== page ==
my $doc_root = '/home/httpd/docs';
my @vhosts = qw(suit tech president);

Apache->httpd_conf("NameVirtualHost $ip");

for my $vh (@vhosts) {
  Apache->httpd_conf(qq{
<VirtualHost $ip>
  ServerName  $vh.$domain
  DocumentRoot $doc_root/$vh
  ServerAdmin webmaster\@$vh.$domain
</VirtualHost>
 });
}

In the loop, we create new virtual hosts. If we need to create 100 hosts, it doesn't take a long time?just adjust the @vhosts array.

4.4.4 Declaring Package Names in Perl Sections

Be careful when you declare package names inside <Perl> sections. For example, this code has a problem:

<Perl>
    package Book::Trans;
    use Apache::Constants qw(:common);
    sub handler { OK }

    $PerlTransHandler = "Book::Trans";
</Perl>

When you put code inside a <Perl> section, by default it goes into the Apache::ReadConfig package, which is already declared for you. This means that the PerlTransHandler we tried to define will be ignored, since it's not a global variable in the Apache::ReadConfig package.

If you define a different package name within a <Perl> section, make sure to close the scope of that package and return to the Apache::ReadConfig package when you want to define the configuration directives. You can do this by either explicitly declaring the Apache::ReadConfig package:

<Perl>
    package Book::Trans;
    use Apache::Constants qw(:common);
    sub handler { OK }

    package Apache::ReadConfig;
    $PerlTransHandler = "Book::Trans";
</Perl>

or putting the code that resides in a different package into a block:

<Perl>
    {
        package Book::Trans;
        use Apache::Constants qw(:common);
        sub handler { OK }
    }

    $PerlTransHandler = "Book::Trans";
</Perl>

so that when the block is over, the Book::Trans package's scope is over, and you can use the configuration variables again.

However, it's probably a good idea to use <Perl> sections only to create or adjust configuration directives. If you need to run some other code not related to configuration, it might be better to place it in the startup file or in its own module. Your mileage may vary, of course.

4.4.5 Verifying <Perl> Sections

How do we know whether the configuration made inside <Perl> sections was correct?

First we need to check the validity of the Perl syntax. To do that, we should turn it into a Perl script, by adding #!perl at the top of the section:

<Perl>
#!perl
# ... code here ...
_ _END_ _
</Perl>

Notice that #!perl and _ _END_ _ must start from the column zero. Also, the same rules as we saw earlier with validation of the startup file apply: if the <Perl> section includes some modules that can be loaded only when mod_perl is running, this validation is not applicable.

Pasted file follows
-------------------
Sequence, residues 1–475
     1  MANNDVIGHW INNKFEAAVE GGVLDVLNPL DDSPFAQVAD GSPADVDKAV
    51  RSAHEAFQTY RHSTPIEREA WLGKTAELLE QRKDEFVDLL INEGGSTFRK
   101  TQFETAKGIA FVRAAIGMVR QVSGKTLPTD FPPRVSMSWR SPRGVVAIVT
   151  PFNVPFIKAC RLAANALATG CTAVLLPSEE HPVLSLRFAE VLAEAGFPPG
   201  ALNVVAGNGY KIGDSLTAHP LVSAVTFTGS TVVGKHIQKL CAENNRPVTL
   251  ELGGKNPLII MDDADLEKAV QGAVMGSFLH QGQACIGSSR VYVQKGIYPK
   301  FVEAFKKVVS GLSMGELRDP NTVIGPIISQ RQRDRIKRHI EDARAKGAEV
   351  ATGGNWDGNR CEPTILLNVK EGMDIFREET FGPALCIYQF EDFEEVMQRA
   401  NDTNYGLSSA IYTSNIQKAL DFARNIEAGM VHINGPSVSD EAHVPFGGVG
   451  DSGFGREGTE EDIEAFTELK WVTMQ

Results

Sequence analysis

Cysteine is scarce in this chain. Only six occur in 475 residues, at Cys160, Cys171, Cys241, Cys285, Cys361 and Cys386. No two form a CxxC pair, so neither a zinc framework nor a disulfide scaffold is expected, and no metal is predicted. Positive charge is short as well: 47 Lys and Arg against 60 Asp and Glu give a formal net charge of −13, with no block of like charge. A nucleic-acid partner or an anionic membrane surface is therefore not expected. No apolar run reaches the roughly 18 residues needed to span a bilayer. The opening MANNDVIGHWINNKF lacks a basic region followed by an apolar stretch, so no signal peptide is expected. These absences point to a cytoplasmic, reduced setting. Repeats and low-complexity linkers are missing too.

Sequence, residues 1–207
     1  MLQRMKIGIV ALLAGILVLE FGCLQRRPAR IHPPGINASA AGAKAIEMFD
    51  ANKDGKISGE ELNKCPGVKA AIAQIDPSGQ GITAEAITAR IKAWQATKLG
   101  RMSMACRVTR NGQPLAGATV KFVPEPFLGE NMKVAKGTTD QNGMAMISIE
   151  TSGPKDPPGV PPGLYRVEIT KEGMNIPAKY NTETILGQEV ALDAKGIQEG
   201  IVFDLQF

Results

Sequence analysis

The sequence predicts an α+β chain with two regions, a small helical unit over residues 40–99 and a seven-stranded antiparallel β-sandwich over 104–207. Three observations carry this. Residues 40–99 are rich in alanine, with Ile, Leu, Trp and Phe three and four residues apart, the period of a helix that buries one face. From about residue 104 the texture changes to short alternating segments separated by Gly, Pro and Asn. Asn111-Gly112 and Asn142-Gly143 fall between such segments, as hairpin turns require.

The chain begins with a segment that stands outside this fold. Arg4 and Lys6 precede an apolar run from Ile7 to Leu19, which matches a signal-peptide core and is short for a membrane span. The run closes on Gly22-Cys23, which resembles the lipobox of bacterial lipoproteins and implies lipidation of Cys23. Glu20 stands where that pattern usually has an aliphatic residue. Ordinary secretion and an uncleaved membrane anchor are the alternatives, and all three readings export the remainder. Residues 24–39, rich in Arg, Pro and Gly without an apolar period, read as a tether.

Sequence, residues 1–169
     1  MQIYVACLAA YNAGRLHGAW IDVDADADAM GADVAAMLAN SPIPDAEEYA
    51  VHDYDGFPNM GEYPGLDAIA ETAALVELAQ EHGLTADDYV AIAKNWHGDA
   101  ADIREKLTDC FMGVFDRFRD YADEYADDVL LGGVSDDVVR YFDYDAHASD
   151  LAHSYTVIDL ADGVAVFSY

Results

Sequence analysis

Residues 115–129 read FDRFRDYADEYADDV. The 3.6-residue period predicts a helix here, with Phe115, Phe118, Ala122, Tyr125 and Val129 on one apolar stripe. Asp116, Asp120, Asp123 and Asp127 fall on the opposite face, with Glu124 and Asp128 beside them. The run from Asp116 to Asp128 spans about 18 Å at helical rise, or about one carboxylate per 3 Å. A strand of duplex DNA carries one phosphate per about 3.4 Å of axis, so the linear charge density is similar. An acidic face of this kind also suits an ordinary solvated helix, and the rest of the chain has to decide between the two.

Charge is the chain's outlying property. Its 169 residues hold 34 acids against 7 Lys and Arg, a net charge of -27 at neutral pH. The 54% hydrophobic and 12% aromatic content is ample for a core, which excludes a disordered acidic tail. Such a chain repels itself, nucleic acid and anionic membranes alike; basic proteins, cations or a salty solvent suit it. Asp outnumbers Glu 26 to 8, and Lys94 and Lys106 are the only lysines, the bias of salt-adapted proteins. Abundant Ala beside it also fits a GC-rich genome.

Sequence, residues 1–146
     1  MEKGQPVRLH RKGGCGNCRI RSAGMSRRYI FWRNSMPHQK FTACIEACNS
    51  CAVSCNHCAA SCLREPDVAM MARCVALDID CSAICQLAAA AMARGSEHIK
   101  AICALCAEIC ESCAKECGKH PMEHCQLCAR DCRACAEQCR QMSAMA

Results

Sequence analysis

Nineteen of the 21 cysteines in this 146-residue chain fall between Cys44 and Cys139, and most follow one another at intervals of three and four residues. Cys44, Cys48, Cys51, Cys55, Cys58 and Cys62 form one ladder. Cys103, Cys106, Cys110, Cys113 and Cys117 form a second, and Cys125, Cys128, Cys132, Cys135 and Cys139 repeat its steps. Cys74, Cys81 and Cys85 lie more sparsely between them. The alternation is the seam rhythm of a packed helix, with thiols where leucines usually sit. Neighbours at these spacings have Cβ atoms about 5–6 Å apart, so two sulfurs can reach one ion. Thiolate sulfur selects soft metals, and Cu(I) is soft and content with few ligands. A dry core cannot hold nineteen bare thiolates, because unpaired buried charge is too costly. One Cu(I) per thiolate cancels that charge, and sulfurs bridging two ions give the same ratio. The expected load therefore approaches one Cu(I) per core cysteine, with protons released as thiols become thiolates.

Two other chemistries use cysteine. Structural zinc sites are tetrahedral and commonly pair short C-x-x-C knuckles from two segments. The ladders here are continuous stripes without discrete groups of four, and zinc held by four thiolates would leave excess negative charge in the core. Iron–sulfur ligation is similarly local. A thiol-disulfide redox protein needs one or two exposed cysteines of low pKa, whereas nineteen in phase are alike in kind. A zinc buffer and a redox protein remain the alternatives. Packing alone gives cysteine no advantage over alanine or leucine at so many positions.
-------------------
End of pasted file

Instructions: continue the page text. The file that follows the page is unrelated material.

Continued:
Now we may run:

perl -cx httpd.conf

If the Perl code doesn't compile, the server won't start. If the Perl code is syntactically correct, but the generated Apache configuration is invalid, <Perl> sections will just log a warning and carry on, since there might be globals in the section that are not intended for the configuration at all.

If you have more than one <Perl> section, you will have to repeat this procedure for each section, to make sure they all work.

To check the Apache configuration syntax, you can use the variable $Apache::Server::StrictPerlSections, added in mod_perl Version 1.22. If you set this variable to a true value:

$Apache::Server::StrictPerlSections = 1;

then mod_perl will not tolerate invalid Apache configuration syntax and will croak (die) if it encounters invalid syntax. The default value is 0. If you don't set $Apache::Server::StrictPerlSections to 1, you should localize variables unrelated to configuration with my( ) to avoid errors.

If the syntax is correct, the next thing we need to look at is the parsed configuration as seen by Perl. There are two ways to see it. First, we can dump it at the end of the section:

<Perl>
    use Apache::PerlSections ( );
    # code goes here
    print STDERR Apache::PerlSections->dump( );
</Perl>

Here, we load the Apache::PerlSections module at the beginning of the section, and at the end we can use its dump( ) method to print out the configuration as seen by Perl. Notice that only the configuration created in the section will be seen in the dump. No plain Apache configuration can be found there.

For example, if we adjust this section (parts of which we have seen before) to dump the parsed contents:

<Perl>
    use Apache::PerlSections ( );
    $User  = getpwuid($>) || $>;
    $Group = getgrgid($)) || $);
    push @Alias, [qw(/private /home/httpd/docs/private)];
    my $doc_root = "/home/httpd/docs";
    push @{ $VirtualHost{'10.0.0.10'} },
        {
         ServerName   => 'president.intranet',
         DocumentRoot => "$doc_root/president",
         ServerAdmin  => 'webmaster@president.intranet',
         Location     => {
             "/private"    => {
                 Options       => 'Indexes',
                 AllowOverride => 'None',
                 AuthType      => 'Basic',